There is a place where Endangered wins this award. There must be. In several dimensions the book was actually written by a bonobo author about an orphaned human, but closer to home there is a moment, this moment, just a small step sideways away, in which Endangered takes this award home.

Another step and it belongs to Out of Reach for creating such substance out of wrenching absence. Another and we are all listening to a speech about the devastating importance of narrative in Never Fall Down. And once we exclude the set of Earths already destroyed by the bomb to consider instead the set of Earths in which we survived to gather here tonight, those include Bomb winning in several.

But we happen to live here, and I happen to write fantasy. For why that’s important, I differ to Ursula Le Guin–as everyone should–who says that “the literature of imagination, even when tragic, is reassuring, not necessarily in the sense of offering nostalgic comfort, but because it offers a world large enough to contain alternatives and therefore offers hope.”

The way things are is not the only possible way that they could be. We have to know that, we have to remember it, and stories are the very first way we figure that out.

Thank you, Karen. Thank you, Joe. Thank you, thank you, thank you, Alice. Congratulations to my fellow finalists, in every possible version of our world. Thank you all for joining me in this one.

That’s what I jotted down beforehand, anyway. I didn’t actually have the piece of paper with me at the podium, so the words that came out of my mouth were a little bit different. You can watch it happen here. The quote is from Le Guin’s book of essays Cheek By Jowl, which absolutely everyone should read.

Thus ends my quick recap of the National Book Awards. John Sellers at PW and Patrick Condon at the AP have since written my two favorite articles about, um, me. Click their way if your curiosity demands more details.

Now I’m home, changing diapers, teaching classes, finding my classroom decorated by marvelous students, and continuing to flail like a happy muppet.

Ciao for now. Next time I need to tell you about the audiobook.

 

Ursula K. Le Guin

As I’ve written elsewhere, one of the very wisest voices in contemporary literature is Ursula K. Le Guin. Her fiction (and poetry, and essays) have shaped and reshaped my sense of story. She recently read my novel Goblin Secrets, and this is what she had to say about it:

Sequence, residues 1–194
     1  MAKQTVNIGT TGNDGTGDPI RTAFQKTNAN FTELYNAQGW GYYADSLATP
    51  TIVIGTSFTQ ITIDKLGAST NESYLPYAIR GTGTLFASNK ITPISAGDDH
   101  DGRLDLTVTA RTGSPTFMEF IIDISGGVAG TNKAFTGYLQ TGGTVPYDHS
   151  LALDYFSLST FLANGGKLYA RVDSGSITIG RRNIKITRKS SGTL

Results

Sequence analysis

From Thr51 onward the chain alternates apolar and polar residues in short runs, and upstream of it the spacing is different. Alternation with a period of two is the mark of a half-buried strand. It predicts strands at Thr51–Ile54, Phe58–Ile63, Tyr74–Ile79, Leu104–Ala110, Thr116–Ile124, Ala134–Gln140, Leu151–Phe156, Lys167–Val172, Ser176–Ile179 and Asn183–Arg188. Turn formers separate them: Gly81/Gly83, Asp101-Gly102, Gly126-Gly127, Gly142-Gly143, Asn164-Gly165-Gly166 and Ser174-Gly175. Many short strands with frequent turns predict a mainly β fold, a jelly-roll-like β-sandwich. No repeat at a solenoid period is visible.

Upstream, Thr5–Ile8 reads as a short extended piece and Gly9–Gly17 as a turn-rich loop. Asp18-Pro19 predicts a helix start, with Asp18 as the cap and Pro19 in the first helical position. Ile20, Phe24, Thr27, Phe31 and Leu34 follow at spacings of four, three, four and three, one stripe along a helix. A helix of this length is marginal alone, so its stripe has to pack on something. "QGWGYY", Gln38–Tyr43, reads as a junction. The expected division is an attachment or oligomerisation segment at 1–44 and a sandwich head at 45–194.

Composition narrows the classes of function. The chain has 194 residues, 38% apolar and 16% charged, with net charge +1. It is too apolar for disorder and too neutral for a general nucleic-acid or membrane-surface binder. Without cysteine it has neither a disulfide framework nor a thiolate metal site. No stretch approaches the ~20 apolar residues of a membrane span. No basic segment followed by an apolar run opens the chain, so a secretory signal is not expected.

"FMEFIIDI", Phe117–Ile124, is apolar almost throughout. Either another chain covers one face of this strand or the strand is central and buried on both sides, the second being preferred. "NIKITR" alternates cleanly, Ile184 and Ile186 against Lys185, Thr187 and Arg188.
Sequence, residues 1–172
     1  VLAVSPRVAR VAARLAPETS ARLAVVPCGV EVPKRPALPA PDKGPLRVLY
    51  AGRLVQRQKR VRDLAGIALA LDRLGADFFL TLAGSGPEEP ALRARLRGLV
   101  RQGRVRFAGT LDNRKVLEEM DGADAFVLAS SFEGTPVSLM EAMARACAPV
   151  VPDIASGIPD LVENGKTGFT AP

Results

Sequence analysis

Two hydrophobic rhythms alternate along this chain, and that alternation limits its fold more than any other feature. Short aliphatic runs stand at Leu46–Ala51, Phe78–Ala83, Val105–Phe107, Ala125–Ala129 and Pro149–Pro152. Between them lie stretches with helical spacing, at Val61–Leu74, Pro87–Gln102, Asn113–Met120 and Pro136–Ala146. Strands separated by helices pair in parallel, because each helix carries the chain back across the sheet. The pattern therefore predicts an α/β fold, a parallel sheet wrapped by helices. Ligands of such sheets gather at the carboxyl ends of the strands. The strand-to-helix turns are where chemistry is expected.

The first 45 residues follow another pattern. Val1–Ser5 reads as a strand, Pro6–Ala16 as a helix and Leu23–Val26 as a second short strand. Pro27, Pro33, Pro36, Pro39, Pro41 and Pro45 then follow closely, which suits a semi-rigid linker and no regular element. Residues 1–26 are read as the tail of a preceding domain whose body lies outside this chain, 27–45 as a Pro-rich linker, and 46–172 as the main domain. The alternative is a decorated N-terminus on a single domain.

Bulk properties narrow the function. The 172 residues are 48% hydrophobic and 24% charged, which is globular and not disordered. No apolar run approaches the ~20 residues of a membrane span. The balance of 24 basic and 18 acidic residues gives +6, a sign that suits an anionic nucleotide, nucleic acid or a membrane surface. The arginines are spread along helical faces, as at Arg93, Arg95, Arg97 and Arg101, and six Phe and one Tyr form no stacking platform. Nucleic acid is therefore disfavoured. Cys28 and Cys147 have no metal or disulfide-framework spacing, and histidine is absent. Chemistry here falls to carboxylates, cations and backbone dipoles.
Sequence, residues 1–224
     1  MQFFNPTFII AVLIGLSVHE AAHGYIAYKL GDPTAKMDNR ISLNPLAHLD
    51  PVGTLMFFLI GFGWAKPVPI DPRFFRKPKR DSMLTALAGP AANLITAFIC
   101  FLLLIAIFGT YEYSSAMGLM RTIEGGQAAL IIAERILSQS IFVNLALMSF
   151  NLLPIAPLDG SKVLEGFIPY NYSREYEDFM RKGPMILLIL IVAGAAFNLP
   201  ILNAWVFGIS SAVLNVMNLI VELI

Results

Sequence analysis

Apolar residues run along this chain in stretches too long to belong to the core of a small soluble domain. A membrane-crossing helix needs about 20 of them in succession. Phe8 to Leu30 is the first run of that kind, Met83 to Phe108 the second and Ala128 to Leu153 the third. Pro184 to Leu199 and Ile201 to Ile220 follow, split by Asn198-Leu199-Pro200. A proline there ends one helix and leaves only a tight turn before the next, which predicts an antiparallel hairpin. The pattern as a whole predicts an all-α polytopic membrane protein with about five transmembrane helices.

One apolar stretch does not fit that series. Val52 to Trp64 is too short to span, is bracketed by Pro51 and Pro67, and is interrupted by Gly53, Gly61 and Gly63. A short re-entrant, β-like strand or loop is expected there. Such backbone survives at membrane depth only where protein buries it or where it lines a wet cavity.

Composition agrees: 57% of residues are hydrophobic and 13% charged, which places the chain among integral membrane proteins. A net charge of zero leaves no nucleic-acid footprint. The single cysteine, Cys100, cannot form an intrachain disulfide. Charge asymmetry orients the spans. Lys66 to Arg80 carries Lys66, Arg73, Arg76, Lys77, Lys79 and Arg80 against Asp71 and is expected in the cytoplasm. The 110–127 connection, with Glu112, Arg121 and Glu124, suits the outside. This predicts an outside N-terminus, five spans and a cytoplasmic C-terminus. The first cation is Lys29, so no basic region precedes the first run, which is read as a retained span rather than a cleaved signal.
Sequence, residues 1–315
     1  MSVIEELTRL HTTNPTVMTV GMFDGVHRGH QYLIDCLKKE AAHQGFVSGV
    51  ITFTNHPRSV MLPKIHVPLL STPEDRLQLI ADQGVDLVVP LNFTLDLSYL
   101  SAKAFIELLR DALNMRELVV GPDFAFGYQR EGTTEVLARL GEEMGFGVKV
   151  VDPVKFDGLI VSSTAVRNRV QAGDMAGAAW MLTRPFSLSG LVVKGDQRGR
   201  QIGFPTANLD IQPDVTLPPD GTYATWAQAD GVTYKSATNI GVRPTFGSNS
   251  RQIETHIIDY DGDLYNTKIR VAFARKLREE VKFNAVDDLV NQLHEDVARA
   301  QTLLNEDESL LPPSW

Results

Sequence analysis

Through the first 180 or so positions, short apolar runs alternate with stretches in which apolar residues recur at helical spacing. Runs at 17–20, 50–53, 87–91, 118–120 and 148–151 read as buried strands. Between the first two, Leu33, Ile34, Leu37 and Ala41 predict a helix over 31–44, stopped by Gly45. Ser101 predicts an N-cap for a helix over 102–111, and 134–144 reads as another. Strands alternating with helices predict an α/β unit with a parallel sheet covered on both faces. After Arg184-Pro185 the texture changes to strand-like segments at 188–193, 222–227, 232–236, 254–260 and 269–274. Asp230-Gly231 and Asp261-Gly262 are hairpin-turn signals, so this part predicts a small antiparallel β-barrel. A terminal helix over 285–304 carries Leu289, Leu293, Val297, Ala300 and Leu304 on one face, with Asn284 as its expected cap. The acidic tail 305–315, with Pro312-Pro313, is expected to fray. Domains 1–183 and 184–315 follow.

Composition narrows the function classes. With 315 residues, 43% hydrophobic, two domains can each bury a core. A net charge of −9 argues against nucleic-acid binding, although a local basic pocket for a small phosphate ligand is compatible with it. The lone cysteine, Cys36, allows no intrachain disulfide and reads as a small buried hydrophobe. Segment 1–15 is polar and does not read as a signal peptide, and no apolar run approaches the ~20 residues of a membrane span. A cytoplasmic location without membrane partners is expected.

It was hard to stop reading Goblin Secrets, and I didn’t want the book to end! The author’s imagination is both huge and original, taking us to a truly new place, rich with  lively, vivid scenes, fascinating people, and marvelous inventions. He doesn’t explain things, yet everything is clear. And he tells his fast-paced story in language that’s a pleasure in itself — subtle, tricky, funny, beautiful.  More, please, Will Alexander! 

-Ursula K. Le Guin

You know the happy dance that muppets do, with little muppet arms flailing? I’ll be doing that for the next several hours…

***

I don’t yet have a bedtime story memory from Le Guin, but on the topic of early influences she credits Lord Dunsany’s Dreamer’s Tales for showing her the way to her native country. Go find “A Citizen of Mondath” in The Language of the Night if you want to know more–and I know that you do.

 

The First Story I Remember

My book exists. It moves through the world. Total strangers might be reading it right now.

I’ve been interviewed twice this week; once by Nancy Holder, author of novels and comics and books about Buffy, and once by Megan Kurashige, writer/performer and fellow Clarion grad.

Here’s the first interview at The Enchanted Inkpot.

Here’s the second at Fantasy Matters.

It was strange and entertaining to be interviewed. Both sets of questions made me remember all sorts of things about my book and the writing of it that I had completely forgotten. And then Megan went and asked my very favorite question, the one that started this blog:

MK: You curate a wonderful collection of bedtime story memories on your blog. What is the first bedtime story you remember?

WA: Ha! I’ve been asking authors this question for years. It was only a matter of time before someone asked it back at me.

My parents had different gifts when it came to bedtime stories. My mother was much better at reading them. She did the voices. My father was better at making them up on the spot. He got bored while reading aloud. His mind would wander and his voice would slip into monotonous autopilot. But he told far better stories if he got to use his own words.

The very first one I remember was about Flash Gordon. We had just watched the movie adaptation at the drive-in (the silly one with the Queen soundtrack, starring Brian Blessed’s teeth). I was convinced at the time that a) the events of the movie had actually happened, and b) that Dad would know what happened next. So I demanded an immediate and swashbuckling sequel, and he made one up.